Blurry hospital ward

Looking beyond the recommendation: building a holistic approach to safety improvement

By Ian Lavery

8 September 2022

As part of our investigation education seminar series for our staff, healthcare improvement expert Professor Mary Dixon-Woods joined us for our August session. In this blog, Ian Lavery rounds-up her thought-provoking presentation.

This blog post was published by the Healthcare Safety Investigation Branch (HSIB). Find out more about HSIB legacy.

Ian Lavery
Ian Lavery, Senior Investigation Science Educator.

Mary Dixon-Woods is Director of THIS Institute and The Health Foundation Professor of Healthcare Improvement Studies in the Department of Public Health and Primary Care at the University of Cambridge. Her presentation to HSIB staff really brought the role of the recommendation in safety improvement to the forefront. 

After a review or investigation, many organisations will make recommendations aimed at safety improvement at a national and/or local level. Mary’s presentation highlighted that a recommendation alone could fall short of the intended impact on the healthcare system.

At HSIB, most of our national investigation reports contain recommendations aimed at improving patient safety at a national level. However, even as an organisation that sees the value of robust safety recommendations, it is important that we are always asking the critical questions – will the recommendation enable effective improvements and what needs to be done to support the system change that recommendations will inevitably bring?

Moving safety improvement forward

If we identify where the gaps are, then we can move safety improvement systems forward.

We know that there is now a well-established infrastructure of evidence that surrounds the development of clinical treatments. For example, this enabled the mapping of COVID-19 and the vaccine development programme. However, when we start to look at the services that deliver these treatments, there is a lack of infrastructure and evidence-based improvement remains underdeveloped.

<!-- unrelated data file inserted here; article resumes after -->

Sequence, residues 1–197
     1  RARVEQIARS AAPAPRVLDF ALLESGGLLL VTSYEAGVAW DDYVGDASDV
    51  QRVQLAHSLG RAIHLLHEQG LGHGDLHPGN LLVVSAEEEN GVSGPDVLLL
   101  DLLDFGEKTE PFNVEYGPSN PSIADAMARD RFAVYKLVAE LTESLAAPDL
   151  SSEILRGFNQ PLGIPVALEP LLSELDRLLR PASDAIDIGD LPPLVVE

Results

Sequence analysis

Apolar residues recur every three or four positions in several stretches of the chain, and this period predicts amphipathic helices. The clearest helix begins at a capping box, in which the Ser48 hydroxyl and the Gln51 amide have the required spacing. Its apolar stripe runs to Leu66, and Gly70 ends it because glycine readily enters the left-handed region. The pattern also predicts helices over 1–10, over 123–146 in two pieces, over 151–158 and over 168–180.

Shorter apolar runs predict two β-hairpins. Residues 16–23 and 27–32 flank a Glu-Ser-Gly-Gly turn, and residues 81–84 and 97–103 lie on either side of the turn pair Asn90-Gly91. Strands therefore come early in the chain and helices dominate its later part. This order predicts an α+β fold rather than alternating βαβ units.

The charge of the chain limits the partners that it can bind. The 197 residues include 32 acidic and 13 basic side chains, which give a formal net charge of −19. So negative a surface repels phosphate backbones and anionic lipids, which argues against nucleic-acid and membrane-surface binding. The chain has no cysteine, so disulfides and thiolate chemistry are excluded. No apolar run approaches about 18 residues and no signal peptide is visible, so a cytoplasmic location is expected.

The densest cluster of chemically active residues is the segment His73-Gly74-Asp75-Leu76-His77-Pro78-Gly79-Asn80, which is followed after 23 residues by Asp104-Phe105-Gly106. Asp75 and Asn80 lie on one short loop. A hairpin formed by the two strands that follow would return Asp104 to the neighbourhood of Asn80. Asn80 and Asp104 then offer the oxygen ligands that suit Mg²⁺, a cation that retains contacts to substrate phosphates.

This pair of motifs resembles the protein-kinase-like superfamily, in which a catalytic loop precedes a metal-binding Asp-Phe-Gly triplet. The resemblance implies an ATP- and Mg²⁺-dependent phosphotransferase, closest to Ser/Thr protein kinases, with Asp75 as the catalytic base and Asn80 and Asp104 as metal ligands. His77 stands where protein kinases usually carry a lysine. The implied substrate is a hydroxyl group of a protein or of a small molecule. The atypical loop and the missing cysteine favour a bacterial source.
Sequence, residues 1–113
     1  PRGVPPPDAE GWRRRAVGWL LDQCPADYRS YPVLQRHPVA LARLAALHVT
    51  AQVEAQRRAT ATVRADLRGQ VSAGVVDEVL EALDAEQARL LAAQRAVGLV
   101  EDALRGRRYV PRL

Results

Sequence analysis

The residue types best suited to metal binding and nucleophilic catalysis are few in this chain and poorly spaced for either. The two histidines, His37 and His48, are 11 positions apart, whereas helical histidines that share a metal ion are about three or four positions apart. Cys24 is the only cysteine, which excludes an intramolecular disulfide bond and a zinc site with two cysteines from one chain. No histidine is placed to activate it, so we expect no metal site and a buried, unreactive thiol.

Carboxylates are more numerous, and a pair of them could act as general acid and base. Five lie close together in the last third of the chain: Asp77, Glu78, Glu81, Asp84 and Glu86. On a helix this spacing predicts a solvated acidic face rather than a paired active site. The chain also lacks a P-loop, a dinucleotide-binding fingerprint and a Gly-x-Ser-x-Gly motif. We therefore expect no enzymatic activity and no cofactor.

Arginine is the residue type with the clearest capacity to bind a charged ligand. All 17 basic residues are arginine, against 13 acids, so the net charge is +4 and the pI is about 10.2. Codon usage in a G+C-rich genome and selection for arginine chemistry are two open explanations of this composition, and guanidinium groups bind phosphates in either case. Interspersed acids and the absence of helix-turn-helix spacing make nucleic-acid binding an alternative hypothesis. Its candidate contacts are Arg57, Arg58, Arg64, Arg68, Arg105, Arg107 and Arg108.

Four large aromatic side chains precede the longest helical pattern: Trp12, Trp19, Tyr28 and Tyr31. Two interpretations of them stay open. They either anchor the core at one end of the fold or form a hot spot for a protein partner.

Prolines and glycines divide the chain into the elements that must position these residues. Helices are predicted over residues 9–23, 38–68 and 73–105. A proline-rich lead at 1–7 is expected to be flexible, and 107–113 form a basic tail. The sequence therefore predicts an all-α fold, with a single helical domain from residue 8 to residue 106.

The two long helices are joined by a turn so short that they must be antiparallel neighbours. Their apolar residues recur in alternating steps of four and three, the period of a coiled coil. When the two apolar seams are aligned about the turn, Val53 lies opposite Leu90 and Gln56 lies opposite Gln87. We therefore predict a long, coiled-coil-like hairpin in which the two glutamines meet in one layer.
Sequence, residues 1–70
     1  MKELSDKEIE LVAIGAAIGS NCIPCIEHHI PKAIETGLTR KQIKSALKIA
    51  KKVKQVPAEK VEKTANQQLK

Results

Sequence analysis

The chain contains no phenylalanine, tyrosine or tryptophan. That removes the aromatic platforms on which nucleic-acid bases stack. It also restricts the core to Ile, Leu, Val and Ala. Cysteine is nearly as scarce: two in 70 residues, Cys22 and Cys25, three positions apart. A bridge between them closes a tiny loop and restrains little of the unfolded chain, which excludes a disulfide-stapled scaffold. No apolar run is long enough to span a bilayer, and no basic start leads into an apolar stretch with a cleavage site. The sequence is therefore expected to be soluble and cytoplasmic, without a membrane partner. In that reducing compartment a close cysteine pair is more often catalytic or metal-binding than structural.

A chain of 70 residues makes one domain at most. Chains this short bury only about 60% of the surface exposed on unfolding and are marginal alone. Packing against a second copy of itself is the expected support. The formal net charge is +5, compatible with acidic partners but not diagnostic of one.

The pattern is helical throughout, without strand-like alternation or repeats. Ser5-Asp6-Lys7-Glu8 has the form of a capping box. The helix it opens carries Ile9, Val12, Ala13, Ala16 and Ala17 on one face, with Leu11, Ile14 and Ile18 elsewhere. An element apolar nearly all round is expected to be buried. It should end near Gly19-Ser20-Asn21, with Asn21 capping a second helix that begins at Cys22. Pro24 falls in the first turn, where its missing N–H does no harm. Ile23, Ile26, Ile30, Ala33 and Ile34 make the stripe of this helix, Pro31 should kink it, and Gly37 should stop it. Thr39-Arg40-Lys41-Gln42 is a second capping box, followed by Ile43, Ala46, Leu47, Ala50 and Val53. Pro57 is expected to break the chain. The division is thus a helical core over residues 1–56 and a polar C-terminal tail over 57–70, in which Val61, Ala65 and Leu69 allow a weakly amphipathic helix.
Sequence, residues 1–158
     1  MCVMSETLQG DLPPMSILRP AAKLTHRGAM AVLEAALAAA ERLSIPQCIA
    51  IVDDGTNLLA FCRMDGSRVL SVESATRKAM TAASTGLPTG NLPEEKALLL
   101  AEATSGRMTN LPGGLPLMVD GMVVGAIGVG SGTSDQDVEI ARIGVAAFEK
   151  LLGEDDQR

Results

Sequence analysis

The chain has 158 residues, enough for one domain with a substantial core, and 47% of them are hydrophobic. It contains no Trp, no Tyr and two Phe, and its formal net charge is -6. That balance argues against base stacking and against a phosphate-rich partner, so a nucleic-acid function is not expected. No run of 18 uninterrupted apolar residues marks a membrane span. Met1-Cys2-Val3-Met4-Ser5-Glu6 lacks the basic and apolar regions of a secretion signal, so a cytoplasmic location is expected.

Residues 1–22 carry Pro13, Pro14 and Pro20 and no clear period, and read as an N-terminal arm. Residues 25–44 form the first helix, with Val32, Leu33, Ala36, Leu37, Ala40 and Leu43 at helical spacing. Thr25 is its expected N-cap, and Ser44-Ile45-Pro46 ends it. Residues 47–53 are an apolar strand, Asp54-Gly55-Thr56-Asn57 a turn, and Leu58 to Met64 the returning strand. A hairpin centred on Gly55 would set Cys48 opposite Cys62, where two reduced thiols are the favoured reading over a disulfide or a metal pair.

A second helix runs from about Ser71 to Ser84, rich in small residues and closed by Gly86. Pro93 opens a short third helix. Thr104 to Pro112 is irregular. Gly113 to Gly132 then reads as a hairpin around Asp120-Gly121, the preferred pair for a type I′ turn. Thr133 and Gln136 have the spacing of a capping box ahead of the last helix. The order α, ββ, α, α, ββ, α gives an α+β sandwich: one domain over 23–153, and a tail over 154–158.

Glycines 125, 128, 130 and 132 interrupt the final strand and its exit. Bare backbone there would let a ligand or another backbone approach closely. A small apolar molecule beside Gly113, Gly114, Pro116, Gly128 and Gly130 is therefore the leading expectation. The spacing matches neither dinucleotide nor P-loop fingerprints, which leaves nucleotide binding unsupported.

The landscape in healthcare is constantly evolving, and especially at a time when the NHS is under extreme pressure, we must be mindful that recommendations are adding further change to an already complex environment.

So, what should be considered when thinking about recommendations that will support the most effective system change? We have put together some key areas below that should be looked at when drafting and developing recommendations and considering how they will be supported and implemented.

Creating recommendations to respond to real world working

Making recommendations following a review or investigation has the target aim of improving how services are delivered. The implementation or actioning of those recommendations is a challenging task. Often those recommendations are not accompanied by any guidelines or suggestions on how to perform that implementation or to translate them into existing processes or working practices.

Involving those most affected

It is important for those who are most affected by patient safety incidents to be involved in the creation and implementation of the process changes.

The newly launched Patient Safety Incident Framework (PSIRF) is a great of example of where there will be such involvement. It will allow the voices of staff and patients to be heard and ensure they are involved in the groundwork from which such changes will develop. This can be the first step in making sure quality-based evidence is collected for improvements in service delivery.

Looking at when things go right

To further support system change when it becomes an inevitable outcome of a recommendation, we should consider looking at incidences of when ‘things go right’. All too often in healthcare when looking to make improvements we do so using the lens of examining ‘what went wrong’ rather than also considering what good looks like.

For our part, at HSIB we are continually looking to improve how safety recommendations from our investigations can be best delivered to support national organisations and NHS trusts to implement them by using system factor approach to investigations.

Further reading

We've blogged about our involvement in producing PSIRF supporting guidance on involving families, patients and NHS staff in patient safety incident investigations.

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